So far, there is been no mudslinging between Hillary Clinton and Bernie Sanders – at least, not in public. Sanders refuses to attack Clinton personally on principle, whereas Clinton has simply been ignoring Sanders. However, Hillary’s donors are demanding that she take a public stand against her nearest rival.

As reported by Politico:

[S]ome donors and backers are beginning to doubt her approach [to ignore Bernie]. As more and more polling rolls in showing Sanders matching or topping Clinton in both of the early voting states — and Democratic power brokers are beginning to acknowledge that she could lose there — Clinton’s campaign is coming under pressure to not just talk about taking the primary seriously but to start acting like it, too.

In private conference calls and closed fundraisers, some donors are telling Clinton’s brain trust something it certainly already knows: that Sanders’ rally shows no signs of slowing. He’s thrown some spiky roadblocks into what was once seen as her glide path to the nomination. And now it’s time, they say, for a strategy shift.

While Sanders has refused to engage in personal attacks, he has been calling Clinton out on significant issues. Those issues – income inequality, growing poverty, debt slavery, corporate welfare, access to health care, out-of-control military spending and more – are ones with which pro-corporate, pro-war, status quo candidate Hillary Clinton is very uncomfortable. Her solution so far is to disregard Sanders, hoping he’ll simply fade away like Dennis Kucinich.

There is little chance of that happening. While Clinton’s star is slowly fading and falling, Sanders’ is rising fast and “Berning” with increasing intensity. Meanwhile, Clinton’s campaign strategists are of the opinion that, by pretending Sanders doesn’t exist, she becomes the only legitimate face of the Democratic Party.  It is supposed to make her look as if she is far better equipped to face off against the GOP nominee than a self-proclaimed Socialist from a backwoods state.

Nonetheless, her donors have seen the handwriting on the wall. Sanders’ message is resonating across the board, even drawing support from some Republicans. Even the GOP is terrified of the prospect that their candidate might have to face Sanders in the general election. Generally, the only reason more people have not embraced Sanders is because they haven’t heard of him or his positions on the issues. When they do, it resonates.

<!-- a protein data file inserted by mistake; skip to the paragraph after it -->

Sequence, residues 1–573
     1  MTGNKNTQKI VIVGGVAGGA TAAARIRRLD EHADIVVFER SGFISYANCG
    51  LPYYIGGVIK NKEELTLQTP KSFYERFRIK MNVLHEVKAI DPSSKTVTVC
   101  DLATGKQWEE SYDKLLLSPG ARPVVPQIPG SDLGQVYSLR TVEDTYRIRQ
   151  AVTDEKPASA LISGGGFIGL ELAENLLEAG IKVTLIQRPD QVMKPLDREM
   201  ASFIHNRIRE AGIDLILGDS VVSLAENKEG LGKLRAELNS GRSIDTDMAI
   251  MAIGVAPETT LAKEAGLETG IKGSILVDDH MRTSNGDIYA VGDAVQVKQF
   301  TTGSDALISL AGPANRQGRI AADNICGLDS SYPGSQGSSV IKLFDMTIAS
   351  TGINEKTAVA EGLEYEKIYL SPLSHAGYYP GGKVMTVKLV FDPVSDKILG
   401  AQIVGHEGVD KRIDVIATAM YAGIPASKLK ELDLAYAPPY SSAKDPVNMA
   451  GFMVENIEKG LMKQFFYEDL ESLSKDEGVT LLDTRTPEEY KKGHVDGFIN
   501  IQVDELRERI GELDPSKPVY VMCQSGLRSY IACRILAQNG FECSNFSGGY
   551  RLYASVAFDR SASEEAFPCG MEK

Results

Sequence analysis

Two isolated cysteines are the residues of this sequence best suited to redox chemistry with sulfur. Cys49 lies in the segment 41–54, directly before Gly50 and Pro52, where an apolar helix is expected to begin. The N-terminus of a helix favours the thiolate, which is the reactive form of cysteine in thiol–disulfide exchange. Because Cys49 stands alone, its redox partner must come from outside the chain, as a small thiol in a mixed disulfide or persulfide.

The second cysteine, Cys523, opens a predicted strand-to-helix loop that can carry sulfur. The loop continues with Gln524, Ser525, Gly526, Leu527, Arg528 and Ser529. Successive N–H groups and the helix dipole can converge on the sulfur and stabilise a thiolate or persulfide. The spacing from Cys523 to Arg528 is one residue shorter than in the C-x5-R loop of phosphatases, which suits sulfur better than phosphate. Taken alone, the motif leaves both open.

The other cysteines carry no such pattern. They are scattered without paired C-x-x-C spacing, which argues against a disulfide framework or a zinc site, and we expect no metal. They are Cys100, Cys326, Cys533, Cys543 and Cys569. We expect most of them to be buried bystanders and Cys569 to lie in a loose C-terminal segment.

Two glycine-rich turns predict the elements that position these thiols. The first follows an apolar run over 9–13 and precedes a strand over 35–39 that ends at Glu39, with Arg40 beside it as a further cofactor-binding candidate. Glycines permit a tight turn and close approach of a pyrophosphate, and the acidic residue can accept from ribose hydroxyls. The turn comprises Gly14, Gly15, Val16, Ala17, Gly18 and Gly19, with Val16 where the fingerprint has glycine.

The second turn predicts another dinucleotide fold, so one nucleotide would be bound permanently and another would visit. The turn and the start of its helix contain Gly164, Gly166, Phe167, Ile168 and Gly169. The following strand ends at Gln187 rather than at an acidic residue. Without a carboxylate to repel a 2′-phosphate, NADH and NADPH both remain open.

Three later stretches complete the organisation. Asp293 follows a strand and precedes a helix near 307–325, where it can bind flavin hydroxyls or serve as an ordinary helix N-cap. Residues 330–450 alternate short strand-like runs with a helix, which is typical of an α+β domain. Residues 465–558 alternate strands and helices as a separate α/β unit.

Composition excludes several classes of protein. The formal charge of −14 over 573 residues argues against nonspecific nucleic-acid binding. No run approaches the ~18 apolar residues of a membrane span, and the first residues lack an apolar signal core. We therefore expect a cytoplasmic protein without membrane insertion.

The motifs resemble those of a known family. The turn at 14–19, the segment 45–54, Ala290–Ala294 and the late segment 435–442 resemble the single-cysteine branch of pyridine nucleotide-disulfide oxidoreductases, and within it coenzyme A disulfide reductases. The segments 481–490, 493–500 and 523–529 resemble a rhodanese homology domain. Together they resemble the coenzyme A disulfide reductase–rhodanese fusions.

It’s going to keep on resonating. Other candidates, including Donald (the “Duck”) Trump, have been attempting to co-opt many of Sanders’ positions. As far back as June, the Washington Times reported that Sanders’ candidacy was pushing Clinton further to the left. However, unlike Bernie Sanders, Hillary Clinton continues to speak in generalities, suggesting that she is still too afraid to distance herself from her corporatist and centrist base.

Hillary Clinton’s donors are correct. At some point, she is going to have to face Sanders head-on in a fair debate over the issues, unequivocally declaring who she is and what she stands for. The first Democratic debate is scheduled for October 13th. If Hillary Rodham Clinton isn’t prepared, the “Republican Lite” candidate is going to find herself steamrolled by the Socialist candidate from the Green Mountain State.

And that won’t necessarily be a bad thing.

Watch Ed Schultz address this issue:

K.J. McElrath is a former history and social studies teacher who has long maintained a keen interest in legal and social issues. In addition to writing for The Ring of Fire, he is the author of two published novels: Tamanous Cooley, a darkly comic environmental twist on Dante's Inferno, and The Missionary's Wife, a story of the conflict between human nature and fundamentalist religious dogma. When not engaged in journalistic or literary pursuits, K.J. works as an entertainer and film composer.